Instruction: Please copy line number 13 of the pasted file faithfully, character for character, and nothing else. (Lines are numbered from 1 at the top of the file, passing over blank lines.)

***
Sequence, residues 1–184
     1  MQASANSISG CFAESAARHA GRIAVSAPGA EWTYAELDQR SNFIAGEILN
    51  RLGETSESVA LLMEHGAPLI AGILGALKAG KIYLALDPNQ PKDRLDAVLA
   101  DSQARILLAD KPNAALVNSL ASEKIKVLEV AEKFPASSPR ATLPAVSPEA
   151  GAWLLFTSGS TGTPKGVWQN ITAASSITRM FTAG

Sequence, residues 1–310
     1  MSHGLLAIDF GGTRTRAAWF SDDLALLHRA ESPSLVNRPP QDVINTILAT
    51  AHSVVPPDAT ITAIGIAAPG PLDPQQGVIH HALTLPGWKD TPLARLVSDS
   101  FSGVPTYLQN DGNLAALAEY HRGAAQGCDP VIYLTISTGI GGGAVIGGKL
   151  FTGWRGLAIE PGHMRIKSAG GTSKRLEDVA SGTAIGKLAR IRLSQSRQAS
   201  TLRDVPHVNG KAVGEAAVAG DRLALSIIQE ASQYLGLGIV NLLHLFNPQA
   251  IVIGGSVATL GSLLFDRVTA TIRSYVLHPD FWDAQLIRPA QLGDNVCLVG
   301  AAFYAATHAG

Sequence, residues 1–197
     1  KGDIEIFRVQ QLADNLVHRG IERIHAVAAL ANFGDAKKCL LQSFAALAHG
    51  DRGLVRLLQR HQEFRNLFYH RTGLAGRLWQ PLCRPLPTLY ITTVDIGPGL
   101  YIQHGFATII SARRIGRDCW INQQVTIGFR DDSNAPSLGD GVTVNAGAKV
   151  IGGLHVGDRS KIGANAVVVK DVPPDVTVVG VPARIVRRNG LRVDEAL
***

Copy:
   301  AAFYAATHAG